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Why Litigation-Driven History Matters: Lessons Learned from the Secret History of TCE
Keith A. Zahniser
The Public Historian
Vol. 37, No. 1 (February 2015), pp. 46-53
Stable URL: http://www.jstor.org/stable/10.1525/tph.2015.37.1.46
Page Count: 8
You can always find the topics here!Topics: Litigation, Historians, Consulting services, Chemicals, Literary history, Professional standards, Business structures, United States history, Attorneys, Observational research
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Litigation drives extensive historical research but often allows only select observers to see the results. Historians have conducted untold studies for litigation that become “secret histories” because these histories are not published. An example is the historical use and regulation of the chemical trichloroethylene (TCE), a hazardous chemical at issue in much environmental litigation, but a topic virtually absent in the secondary literature. This practice seems to contravene accepted standards of open scholarship. Although not directly aligned with the traditional academic model of historical practice, however, historical research and writing for litigation achieve legitimate and important results without abandoning the discipline’s professional standards. History done by consultants for litigation is neither a history of compromised standards nor as “secret” as feared.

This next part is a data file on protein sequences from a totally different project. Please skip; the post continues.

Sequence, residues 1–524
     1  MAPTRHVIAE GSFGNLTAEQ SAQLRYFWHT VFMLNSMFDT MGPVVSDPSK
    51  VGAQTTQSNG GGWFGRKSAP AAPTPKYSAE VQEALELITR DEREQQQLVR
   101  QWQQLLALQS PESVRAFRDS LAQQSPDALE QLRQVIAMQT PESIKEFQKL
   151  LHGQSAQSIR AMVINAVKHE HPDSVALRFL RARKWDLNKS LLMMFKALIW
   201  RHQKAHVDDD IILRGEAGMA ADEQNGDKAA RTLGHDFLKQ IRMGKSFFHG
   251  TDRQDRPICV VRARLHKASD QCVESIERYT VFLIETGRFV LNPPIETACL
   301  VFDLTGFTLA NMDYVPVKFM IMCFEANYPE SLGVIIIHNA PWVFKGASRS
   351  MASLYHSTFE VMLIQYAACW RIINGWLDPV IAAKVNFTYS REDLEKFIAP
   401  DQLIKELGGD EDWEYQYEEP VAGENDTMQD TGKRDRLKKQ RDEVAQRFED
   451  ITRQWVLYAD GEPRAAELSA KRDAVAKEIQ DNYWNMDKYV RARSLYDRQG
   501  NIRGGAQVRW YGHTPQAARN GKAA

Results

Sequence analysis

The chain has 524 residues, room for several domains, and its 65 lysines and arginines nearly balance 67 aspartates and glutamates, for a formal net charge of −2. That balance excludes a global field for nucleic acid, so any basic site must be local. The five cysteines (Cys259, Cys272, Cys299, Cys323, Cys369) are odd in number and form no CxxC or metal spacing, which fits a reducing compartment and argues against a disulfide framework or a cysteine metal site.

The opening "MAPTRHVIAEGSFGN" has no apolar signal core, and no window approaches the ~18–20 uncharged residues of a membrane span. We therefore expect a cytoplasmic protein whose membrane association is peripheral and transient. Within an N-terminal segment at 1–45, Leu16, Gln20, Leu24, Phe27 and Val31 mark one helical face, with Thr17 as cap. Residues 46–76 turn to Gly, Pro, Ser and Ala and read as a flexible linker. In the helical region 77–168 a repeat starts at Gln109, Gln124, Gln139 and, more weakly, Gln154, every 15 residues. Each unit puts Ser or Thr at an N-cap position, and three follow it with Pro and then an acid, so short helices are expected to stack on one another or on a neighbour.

© 2015 by The Regents of the University of California and the National Council on Public History